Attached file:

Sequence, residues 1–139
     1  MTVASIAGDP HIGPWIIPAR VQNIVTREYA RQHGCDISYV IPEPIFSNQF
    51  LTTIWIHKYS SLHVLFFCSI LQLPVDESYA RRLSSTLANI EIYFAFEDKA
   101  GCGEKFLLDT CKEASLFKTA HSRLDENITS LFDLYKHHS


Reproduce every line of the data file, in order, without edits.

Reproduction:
Sequence, residues 1–139
     1  MTVASIAGDP HIGPWIIPAR VQNIVTREYA RQHGCDISYV IPEPIFSNQF
    51  LTTIWIHKYS SLHVLFFCSI LQLPVDESYA RRLSSTLANI EIYFAFEDKA
   101  GCGEKFLLDT CKEASLFKTA HSRLDENITS LFDLYKHHS